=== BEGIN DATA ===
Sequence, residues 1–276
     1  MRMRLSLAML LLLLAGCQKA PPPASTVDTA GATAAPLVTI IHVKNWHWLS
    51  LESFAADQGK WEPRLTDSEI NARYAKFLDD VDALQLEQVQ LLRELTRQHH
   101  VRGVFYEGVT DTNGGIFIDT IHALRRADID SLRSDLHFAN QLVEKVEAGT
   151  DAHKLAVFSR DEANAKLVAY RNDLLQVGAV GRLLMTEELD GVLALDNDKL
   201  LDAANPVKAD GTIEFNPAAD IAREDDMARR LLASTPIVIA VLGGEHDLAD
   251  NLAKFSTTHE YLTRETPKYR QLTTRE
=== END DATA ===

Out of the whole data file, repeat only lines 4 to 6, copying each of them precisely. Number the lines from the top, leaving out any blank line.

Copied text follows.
   101  VRGVFYEGVT DTNGGIFIDT IHALRRADID SLRSDLHFAN QLVEKVEAGT
   151  DAHKLAVFSR DEANAKLVAY RNDLLQVGAV GRLLMTEELD GVLALDNDKL
   201  LDAANPVKAD GTIEFNPAAD IAREDDMARR LLASTPIVIA VLGGEHDLAD